Editor’s note: This article was initially published in The Daily Gazette, Swarthmore’s online, daily newspaper founded in Fall 1996. As of Fall 2018, the DG has merged with The Phoenix. See the about page to read more about the DG.
One of the dirty secrets of Swarthmore is that we both stigmatize and undervalue the professional world. There is a certain disdain we hold towards those who come to college for not-so-idealistic reasons; coming to Swarthmore to increase your prospects of financial security, maybe even a six-figure income in the future, is not something you tell people here. And yet, according to the Swarthmore website’s most recent statistics, 23% of our graduates choose business careers right after college, and 46% of them go into for-profit jobs.
Last semester, Sam Wang ’18 and I took a trip to Williamson Free School of Mechanical Trades. Visiting Williamson made me realize just how far Swarthmore is from pre-professional. Yes, we have a great Career Services office that holds networking events and will help you craft a resume if you ask them. But that is a far cry from Williamson, which has mandatory resume and finance classes, two job fairs a year, and a strong emphasis on discipline, professionalism, and work ethic, factors which together mean that the only thing preventing you from getting a job at Williamson is an unwillingness to work.
For many in America, a good job is the end goal of college. “Success” looks very different from the Swarthmore rhetoric. By our metrics, it might be difficult to understand how a student at Williamson could ever feel as if they had “succeeded.” While I am sure there are some there who are passionate about woodworking and masonry, for others, it is a job. Not a passion. So is this success?
There is a notion among much of the faculty that to “instrumentalize” their study, or to teach it in such a way so as to orient it towards being useful for a future job, is selling out. We teach students as if they will become political scientists and biology professors rather than politicians and pharmacists. Multiple alumni have told me that their professors tend to judge them, sometimes quite openly, when they come back and tell them they have gone into the business world, or have become a lawyer.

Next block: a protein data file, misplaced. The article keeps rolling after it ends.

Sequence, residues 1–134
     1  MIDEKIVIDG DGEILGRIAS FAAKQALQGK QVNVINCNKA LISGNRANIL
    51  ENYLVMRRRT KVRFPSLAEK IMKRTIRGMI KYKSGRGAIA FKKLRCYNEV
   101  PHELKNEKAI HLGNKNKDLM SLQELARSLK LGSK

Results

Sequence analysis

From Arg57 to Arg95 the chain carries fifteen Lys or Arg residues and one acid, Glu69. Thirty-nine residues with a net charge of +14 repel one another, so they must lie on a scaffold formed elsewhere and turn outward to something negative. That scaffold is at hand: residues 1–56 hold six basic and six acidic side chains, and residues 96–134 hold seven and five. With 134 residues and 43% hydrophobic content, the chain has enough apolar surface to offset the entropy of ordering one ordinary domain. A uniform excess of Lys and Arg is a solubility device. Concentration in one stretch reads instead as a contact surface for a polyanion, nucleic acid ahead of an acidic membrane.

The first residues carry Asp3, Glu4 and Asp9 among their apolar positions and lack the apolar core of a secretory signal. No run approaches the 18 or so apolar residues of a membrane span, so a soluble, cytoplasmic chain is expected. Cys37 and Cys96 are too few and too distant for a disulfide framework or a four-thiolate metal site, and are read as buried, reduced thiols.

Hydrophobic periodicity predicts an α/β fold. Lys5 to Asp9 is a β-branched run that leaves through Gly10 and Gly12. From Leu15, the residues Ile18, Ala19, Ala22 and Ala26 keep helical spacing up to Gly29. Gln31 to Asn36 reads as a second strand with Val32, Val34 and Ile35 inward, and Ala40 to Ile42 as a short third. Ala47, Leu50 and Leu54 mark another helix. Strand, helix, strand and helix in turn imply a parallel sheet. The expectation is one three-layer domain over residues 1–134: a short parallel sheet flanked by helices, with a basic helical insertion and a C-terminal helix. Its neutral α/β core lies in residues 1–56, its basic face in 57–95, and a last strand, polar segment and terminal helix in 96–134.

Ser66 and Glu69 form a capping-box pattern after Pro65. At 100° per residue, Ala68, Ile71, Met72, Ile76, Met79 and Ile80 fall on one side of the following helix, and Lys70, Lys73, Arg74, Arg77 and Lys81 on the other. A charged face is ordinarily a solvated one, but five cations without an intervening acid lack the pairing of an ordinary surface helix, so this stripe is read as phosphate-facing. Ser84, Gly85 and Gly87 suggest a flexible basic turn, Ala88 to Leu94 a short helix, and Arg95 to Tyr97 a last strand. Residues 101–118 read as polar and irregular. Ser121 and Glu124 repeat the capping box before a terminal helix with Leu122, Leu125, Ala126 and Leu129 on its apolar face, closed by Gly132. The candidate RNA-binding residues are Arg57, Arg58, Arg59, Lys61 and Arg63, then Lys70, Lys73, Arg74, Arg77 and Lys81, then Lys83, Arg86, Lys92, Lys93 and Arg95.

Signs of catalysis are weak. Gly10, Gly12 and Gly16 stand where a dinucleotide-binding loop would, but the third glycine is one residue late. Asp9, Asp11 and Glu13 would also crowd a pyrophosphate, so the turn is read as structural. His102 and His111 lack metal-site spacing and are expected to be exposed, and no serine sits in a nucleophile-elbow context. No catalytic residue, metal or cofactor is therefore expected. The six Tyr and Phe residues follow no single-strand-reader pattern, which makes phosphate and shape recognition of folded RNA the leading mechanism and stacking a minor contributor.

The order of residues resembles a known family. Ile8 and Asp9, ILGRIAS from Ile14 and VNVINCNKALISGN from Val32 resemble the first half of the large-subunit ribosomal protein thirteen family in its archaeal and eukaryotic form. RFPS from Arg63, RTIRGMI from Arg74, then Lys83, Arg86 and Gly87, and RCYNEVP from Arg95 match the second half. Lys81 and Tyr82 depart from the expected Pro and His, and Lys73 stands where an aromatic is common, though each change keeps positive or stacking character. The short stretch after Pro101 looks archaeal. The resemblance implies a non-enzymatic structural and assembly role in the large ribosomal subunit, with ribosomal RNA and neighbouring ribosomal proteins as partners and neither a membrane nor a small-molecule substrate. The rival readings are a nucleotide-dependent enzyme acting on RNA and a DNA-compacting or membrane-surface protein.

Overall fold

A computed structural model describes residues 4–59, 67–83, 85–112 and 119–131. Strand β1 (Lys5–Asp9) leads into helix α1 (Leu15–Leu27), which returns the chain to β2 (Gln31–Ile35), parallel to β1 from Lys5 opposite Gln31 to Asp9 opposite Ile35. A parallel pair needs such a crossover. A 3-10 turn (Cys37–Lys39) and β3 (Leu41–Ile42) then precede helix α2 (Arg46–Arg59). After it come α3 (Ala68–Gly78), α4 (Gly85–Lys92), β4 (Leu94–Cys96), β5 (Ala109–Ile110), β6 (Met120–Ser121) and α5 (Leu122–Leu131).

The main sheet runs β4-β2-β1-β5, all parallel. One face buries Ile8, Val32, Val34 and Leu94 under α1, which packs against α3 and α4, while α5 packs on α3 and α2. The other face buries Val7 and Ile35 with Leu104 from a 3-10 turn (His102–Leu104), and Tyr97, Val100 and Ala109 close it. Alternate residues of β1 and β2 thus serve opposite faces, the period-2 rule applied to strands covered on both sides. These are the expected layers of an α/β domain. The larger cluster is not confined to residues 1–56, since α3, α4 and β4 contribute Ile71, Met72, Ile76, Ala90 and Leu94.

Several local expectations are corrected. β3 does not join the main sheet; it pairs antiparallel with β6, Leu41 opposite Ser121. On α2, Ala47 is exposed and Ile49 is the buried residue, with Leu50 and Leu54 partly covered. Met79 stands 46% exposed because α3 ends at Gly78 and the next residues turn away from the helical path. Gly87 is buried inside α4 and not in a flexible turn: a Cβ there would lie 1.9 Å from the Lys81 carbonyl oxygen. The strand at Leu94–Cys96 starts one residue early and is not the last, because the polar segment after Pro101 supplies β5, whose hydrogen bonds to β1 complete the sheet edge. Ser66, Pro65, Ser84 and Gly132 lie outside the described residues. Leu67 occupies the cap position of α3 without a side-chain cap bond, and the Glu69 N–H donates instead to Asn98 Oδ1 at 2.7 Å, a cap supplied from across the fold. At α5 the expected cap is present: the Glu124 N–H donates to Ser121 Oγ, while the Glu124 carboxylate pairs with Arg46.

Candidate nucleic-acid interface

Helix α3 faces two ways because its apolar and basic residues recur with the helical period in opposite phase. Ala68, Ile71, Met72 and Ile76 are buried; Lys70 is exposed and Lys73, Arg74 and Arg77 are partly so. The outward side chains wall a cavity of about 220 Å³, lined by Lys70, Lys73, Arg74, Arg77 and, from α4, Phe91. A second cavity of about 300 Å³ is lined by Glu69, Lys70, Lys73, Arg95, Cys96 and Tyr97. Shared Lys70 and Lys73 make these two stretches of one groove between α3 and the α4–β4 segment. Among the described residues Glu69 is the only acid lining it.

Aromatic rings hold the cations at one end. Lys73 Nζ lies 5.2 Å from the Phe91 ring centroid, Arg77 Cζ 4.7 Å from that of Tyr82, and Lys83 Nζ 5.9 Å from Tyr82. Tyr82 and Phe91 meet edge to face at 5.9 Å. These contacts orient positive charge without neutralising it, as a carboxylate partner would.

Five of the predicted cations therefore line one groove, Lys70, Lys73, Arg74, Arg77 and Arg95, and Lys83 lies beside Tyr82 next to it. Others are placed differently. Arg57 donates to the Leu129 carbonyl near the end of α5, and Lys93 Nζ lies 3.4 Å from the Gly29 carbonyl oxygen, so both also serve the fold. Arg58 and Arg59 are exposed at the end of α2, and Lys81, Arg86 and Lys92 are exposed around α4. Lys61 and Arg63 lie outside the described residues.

In 2013, we alienated Robert Zoellick from campus in part because of his political affiliations, but also because he worked for Goldman Sachs and we associated him with all of the things we tend to hate about the corporate world. We proudly tell prospective students that we are noncompetitive, that 45% of our graduates go on to get PhDs, that we’re in it for the learning and the ideas. And for many of us, this is true.
We are extremely uncomfortable talking about money, both when we have a little of it, but I think even more so when we have, or want to have, a lot of it. This shows up in the way Swarthmore fundraises, in the way our website looks (at Swarthmore, we don’t “market,” we “share our story”), in the way we feel intensely awkward about trying to network, like we are being underhanded and dirty when we look for people who might help us land a job.
Perhaps none of these things is much of a problem on their own. But consider the fact that one of the aims of the college is to attract a greater socioeconomic diversity in its student body. This results in some cognitive dissonance. There are students here, and even more students yet to come who cannot afford to study a subject just because they love it. They need a “practical degree,” as we hate to call them. As much as we like to promote the life of the mind, learning something because we are passionate about it is an extreme luxury that not everyone can afford.
Though it is admirable to say we don’t care about our grades, other people care about grades and we know that. As I go through the process of applying to internships, I can’t help but be keenly aware of the fact that there is a little red asterisk next to all the “GPA” blanks. Though I may be able to say to myself that it “would be an A anywhere else,” you can’t really say that in an interview.
Academia is a wonderful career to pursue and I don’t want it to seem like I am knocking academia. But perhaps it is time we thought about how our orientation towards learning for learning’s sake, as unifying as we may find it, can also secretly be an alienating force. And this does a disservice to all of our students, not only to future career-seekers.
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